The compound, surrounded by bunkers and log bulwarks, houses an American "A" team, a regiment of CIDG troops and their dependents, refugees from VC terrorism and a Vietnamese Special Forces team, designated as the LLDB. It is the goal of the Americans eventually to turn over the operation of the site to their Vietnamese REd Beret counterparts. Already, four camps are run entirely by the LLDB without American help.
One of the biggest problems at a Special Forces camp is the construction and maintenance of the buildings and defenses. They must be strong enough to provide shelter from the monsoon winds and typhoons, and well-protected enough to withstand a VC rocket or ground attack.
As the builders take advantage of the natural terrain, each site is different. But the difficulties of the upkeep are universal, "We have to keep working," Jones explained. "Wood rots and steel rusts, so we use concrete whenever we can. If we ever stopped working, the place would fall down around our ears."
The variety of sites is limited only by the team's imagination, the workers, supplies, and the terrain.
At Mang Buc, most of the living area and operations center are underground in concrete bunkers. The defenses include 81 mm mortars, 4.2-inch mortars, 105mm howitzers, 106 recoilless rifle and machineguns. CIDG troops are trained in the use of the weapons by the weapons sergeant.
In addition, the camp can request air strikes and artillery fire from nearby installations for an operation nor to repel an enemy attack on the base.
One of the most important functions of a Green Beret camp is the gathering of intelligence about enemy movement and operations in the area. At Mang Buc, this is the responsibility of Sgt. 1.C. David Bunch, of Tulelake, Calif.
"We have many sources of information, including the Montagnards , our own patrols and other camps," he explained. Keeping up with the current enemy situation is especially important for the isolated Special Forces camp.
The huge job of keeping in touch with the rest of the world is the responsibility of the communications specialist, Sgt. 1.C. William Burkett, of Norfolk, VA. "I have to work hard to keep communications open, especially in bad weather. Because we are so isolated, good communications are important."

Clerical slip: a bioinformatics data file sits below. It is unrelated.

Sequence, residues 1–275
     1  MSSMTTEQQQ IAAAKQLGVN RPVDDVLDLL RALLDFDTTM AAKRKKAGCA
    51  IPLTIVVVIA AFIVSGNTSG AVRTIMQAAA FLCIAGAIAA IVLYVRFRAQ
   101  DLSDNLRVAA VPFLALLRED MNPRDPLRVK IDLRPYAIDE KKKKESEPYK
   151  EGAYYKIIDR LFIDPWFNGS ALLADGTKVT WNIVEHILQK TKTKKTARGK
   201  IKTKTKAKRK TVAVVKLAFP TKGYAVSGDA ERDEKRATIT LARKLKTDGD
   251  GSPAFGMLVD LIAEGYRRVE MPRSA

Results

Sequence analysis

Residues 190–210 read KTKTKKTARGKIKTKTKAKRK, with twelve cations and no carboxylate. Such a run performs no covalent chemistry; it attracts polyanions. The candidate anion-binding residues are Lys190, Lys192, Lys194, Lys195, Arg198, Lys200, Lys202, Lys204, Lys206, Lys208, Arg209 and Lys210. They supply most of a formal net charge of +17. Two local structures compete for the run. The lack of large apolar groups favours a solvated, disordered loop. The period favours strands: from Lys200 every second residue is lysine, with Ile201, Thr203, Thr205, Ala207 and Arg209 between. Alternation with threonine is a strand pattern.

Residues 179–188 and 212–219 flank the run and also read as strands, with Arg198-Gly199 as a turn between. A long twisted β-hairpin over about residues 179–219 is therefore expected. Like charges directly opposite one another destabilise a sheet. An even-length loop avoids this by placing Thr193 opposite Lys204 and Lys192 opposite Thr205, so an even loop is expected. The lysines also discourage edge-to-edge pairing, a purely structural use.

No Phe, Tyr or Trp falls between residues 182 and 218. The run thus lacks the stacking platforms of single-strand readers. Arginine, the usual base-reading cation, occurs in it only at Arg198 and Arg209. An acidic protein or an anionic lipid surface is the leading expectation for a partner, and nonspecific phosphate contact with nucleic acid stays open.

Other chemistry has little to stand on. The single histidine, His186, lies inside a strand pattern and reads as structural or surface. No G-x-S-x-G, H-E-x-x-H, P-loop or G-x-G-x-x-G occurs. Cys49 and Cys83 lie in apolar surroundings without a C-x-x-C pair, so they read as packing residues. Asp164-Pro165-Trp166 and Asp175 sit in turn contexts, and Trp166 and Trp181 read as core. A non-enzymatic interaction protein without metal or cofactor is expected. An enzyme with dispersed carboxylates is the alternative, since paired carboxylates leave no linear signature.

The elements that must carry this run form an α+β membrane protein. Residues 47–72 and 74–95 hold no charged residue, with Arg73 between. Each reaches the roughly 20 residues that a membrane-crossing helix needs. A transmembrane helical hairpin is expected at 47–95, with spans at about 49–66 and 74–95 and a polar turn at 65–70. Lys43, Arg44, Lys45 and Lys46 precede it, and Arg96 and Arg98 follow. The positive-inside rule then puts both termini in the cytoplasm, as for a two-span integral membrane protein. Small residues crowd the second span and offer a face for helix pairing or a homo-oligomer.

A great deal of responsibility is placed on the team medic, Sgt. 1.C. Michael Williams of Queens, N.Y. "Besides caring for the team and the CIDG, we make frequent trips to the villages in our area to treat the Montagnards," Williams often accompanies the long-range patrols in the field and advises the Vietnamese and Montagnard medics.
The rainy, cloudy weather adds to the miseries of field operations and upkeep of the camp, as well as increasing the isolation. Each camp depends on Caribou CH47 airplanes for supplies, and often the weather delays flights for several days.
Besides providing leadership for CIDG reconnaissance patrols and security for the civilian population, Special Forces engage in psychological operations to win the villagers to the South Vietnamese government. Medical help, food, housing and language lessons for the children are the weapons in this phase of the war.
The "A" teams are supported by "B" and "C" teams in corps headquarters and the Special Forces operations base at Nha Trang, headquarters for the Green Beret force in Vietnam.
Requirements for the Green Beret are high. Applicants must be airborne qualified and undergo training in jungle warfare, guerilla tactics and individual specialties at F.t Bragg, N.C.
Reds Raid POW Camp, Kill 10 'Comrades'
By SPEC. 5 JOHN HUBBLE
S&S Staff Correspondent
SAIGON- At least a company of Communist soldiers overran a prisoner of war camp on the edge of Binh Son City early Sunday, killing 31 persons - including at least 10 of the Communists' comrades who refused to leave the compound.
Another 100 persons, 62 prisoners and the rest civilians, were wounded in a 100-round mortar and rocket barrage that preceded the attack.
The Reds took three PW's with them and melted away in the pre-dawn darkness before allied reaction forces could get to the scene.
The camp is on the southeastern edge of the Quang Ngai Province city, straddling Route 1 about 320 miles north of Saigon. According to unofficial reports, the Reds opened up with rifles and automatic weapons on a group of PW's who refused to be "liberated."
U.S. sources said reports on the raid were fragmentary. There were no reports of enemy casualties. The town and camp were reportedly defended by only a small force of militia, three of whom were slain in the mortar barrage and firefight as the enemy charged.
The attack was one of two ground assaults launched by the Reds in the early morning hours Sunday in Quang Ngai Province. The other, a raid on a Vietnamese militia outpost 15 miles west of Quang Ngai City, was beaten back with the help of a Regional/Popular Forces reaction team hurried to the scene.